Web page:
The weekly demonstration of a Cuban dissident group called the Ladies in White went on as usual in a Havana suburb this weekend, with women clutching pink gladioli and standing in protest under the watchful eye of the island nation’s security apparatus.
A leader of the group, María Cristina Labrada Varona, pointed at plainclothes agents posted around a park and signaled toward lampposts.
“You can see the state security cameras all around,” she said.
As the United States relaxes its economic stranglehold of Cuba, Labrada said, groups like hers are likely to suffer.
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“The repressive machinery will get stronger against the Ladies in White and against human rights activists,” she said. “To the degree that President (Barack) Obama lifts the embargo, they (state agents) will have more resources to repress us.”
Despite the celebratory messages coming from Cuba in the past week, not all Cubans are happy with the sudden warming of relations with the United States. Among those opposed are hardcore dissidents and relatives of political prisoners.
They view any softening of the 52-year-old economic embargo of Cuba as appeasement of the Castro brothers, who have ruled the island for five decades.
Like many of the Ladies in White, Labrada’s family has suffered firsthand the one-party state of the Castro regime and its severe allergy to political dissent.
“My husband was one of the first political prisoners,” she said. Her spouse, Egberto Ángel Escobedo, served 16 years in prison for dissent.
The surprise announcement Dec. 17 of the pending renewal of diplomatic relations, as well as U.S. pledges to relax the flow of travelers and hard currency to Cuba, would invariably strengthen the hand of President Raúl Castro, younger brother of Fidel Castro, leader of the 1959 revolution, the dissidents said.
“It’s going to be a blast of oxygen for the Castro brothers,” said Raúl Borges Álvarez, a 74-year-old former Interior Ministry counterintelligence officer who joined the opposition in 2000. “This is very beneficial to the tyranny.”
Just as Presidents Obama and Raúl Castro went on television in their respective nations Wednesday to explain the diplomatic thaw, the head of the U.S. Interest Section, or de facto diplomatic mission, Jeff DeLaurentis, met with a group of dissidents to explain the move.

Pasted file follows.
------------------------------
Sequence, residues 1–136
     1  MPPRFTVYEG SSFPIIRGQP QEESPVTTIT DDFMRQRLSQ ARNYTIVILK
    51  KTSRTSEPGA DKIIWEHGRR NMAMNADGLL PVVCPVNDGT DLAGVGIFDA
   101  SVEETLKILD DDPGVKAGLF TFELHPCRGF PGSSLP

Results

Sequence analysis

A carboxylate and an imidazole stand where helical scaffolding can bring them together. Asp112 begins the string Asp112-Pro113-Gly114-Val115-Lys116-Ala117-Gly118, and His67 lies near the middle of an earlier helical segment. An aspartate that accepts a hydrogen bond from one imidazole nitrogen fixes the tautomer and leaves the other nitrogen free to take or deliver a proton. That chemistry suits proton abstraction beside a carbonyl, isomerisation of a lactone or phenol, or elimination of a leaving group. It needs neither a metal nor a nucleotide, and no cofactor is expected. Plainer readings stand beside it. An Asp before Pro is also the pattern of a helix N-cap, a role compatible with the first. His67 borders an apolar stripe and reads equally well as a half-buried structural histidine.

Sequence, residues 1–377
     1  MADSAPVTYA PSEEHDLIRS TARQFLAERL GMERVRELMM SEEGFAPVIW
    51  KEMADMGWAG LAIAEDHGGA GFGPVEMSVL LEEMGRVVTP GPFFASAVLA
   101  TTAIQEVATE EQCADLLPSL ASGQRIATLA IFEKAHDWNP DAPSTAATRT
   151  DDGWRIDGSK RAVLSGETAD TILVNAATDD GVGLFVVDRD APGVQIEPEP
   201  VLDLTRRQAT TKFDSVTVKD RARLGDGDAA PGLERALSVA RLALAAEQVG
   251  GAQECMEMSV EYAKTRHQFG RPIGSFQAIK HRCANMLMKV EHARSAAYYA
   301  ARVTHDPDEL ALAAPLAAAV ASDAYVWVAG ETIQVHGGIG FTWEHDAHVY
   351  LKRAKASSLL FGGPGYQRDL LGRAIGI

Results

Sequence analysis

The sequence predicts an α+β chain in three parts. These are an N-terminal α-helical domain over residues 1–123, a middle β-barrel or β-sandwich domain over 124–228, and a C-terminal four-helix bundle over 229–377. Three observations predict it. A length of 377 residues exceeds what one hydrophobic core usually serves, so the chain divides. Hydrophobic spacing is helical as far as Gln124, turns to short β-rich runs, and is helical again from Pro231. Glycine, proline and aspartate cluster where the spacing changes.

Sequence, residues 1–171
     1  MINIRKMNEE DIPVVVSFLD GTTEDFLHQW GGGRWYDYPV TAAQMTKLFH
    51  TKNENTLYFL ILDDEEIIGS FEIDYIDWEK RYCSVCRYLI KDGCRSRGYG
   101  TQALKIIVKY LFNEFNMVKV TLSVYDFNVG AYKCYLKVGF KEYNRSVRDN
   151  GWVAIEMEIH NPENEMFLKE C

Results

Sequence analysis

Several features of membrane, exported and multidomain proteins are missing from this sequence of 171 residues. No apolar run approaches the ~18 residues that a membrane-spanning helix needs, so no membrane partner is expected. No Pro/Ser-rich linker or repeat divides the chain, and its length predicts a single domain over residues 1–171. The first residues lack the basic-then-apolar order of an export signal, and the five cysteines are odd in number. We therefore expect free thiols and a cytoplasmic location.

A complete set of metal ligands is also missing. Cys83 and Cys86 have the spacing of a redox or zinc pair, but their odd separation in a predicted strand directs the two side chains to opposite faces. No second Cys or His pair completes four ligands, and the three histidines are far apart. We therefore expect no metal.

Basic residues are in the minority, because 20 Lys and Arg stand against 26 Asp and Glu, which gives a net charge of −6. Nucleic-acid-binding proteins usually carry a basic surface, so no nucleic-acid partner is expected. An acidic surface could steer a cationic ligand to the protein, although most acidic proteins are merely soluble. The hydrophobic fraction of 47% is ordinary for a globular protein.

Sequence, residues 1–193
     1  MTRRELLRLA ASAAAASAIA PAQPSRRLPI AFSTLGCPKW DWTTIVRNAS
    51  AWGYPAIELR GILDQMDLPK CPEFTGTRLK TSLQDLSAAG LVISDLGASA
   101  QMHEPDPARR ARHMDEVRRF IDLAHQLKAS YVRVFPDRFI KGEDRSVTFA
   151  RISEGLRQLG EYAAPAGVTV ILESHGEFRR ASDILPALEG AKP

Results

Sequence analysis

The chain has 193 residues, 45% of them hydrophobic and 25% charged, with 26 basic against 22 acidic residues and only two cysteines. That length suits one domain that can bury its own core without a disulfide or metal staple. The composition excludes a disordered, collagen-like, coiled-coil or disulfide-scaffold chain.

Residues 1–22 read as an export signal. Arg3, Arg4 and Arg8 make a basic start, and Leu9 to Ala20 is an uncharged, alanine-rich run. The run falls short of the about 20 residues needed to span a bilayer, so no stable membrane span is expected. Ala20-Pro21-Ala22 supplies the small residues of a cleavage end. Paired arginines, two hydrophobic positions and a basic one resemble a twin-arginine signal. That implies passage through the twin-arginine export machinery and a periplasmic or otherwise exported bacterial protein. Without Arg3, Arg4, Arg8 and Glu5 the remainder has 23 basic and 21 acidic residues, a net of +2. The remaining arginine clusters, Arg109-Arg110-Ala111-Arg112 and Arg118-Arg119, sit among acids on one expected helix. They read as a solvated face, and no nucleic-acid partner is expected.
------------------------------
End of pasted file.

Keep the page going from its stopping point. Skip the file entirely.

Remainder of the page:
“There were 12 or 13 of us there, and half of us were against any lifting of the embargo. One of those there said the attitude of Barack Obama was a betrayal of the Cuban people,” said Ángel Moya Acosta, head of a small opposition group, the Democratic Freedom Movement for Cuba.
Moya, who served seven years in prison, dismissed suggestions that ordinary Cubans would feel the benefit of the U.S. moves, which include permitting greater flows of remittances to the island, a relaxation of a broad travel ban for U.S. citizens and an easing of rules around sales of telecommunications and agricultural equipment.
“The American government can say whatever it wants. But it all depends on the will of the Cuban government,” Moya said.
As part of agreement, the two nations conducted a prisoner swap Wednesday involving three convicted Cuban spies jailed in the United States and the freeing of an intelligence asset working for the United States, who was serving a lengthy prison term in Cuba. U.S. Agency for International Development contractor Alan Gross was also freed and allowed to return to U.S. shores.
Cuba pledged to release 53 other Cuban political prisoners but didn’t say when it would do so or provide names.
“They can free the 53 but they will round up another 60,” said Lázara Bárbara Sardiña Recalde, one of the leaders of the Ladies in White, which formed 11 years ago and holds weekly demonstrations.
Moya, who is the husband of one of the founders of Ladies in White, Berta Soler, said it is not in the nature of leaders like Raúl Castro to change course.
“A dictator neither yields nor backtracks,” he said. “Did you hear him speak (on Saturday to the National Assembly)? He didn’t say anything about freedom or rights.”
Moya said dissidents who keep track of political prisoners believe 114 are still in Cuban prisons.
The Cuban regime has repressed nearly all forms of political dissent during its 55 years in power, occasionally allowing small groups to form and even march in the streets, as the Ladies in White do, but repeatedly throwing dissidents in jail for lengthy terms.
Among those unlikely to be freed in accordance with Castro’s pledge to liberate 53 prisoners is the son of Raúl Borges, Ernesto Borges, who was detained in 1998 and is serving a 30-year sentence on espionage charges.
The father said the son served part of his time in a cell adjacent to Rolando Sarraff Trujillo, the U.S. mole in Cuba who was freed to U.S. soil last week.
The son, who like his father was an officer in the General Directorate for Counter-Intelligence in the Interior Ministry, decided to turn against the Castro regime while attending a KGB course in Moscow, the father said. Upon his return, he sought to enter the U.S. Interest Section to turn over the names of 26 Cuban spies but was intercepted by Cuban agents before doing so, the father said.
Borges said the Roman Catholic primate in Cuba, Cardinal Jaime Ortega, brought up his son’s case with Raúl Castro but was told the case was of personal importance to the Cuban leader.
“Ernesto has become a hostage of the dictatorship of the Castro brothers,” Borges said.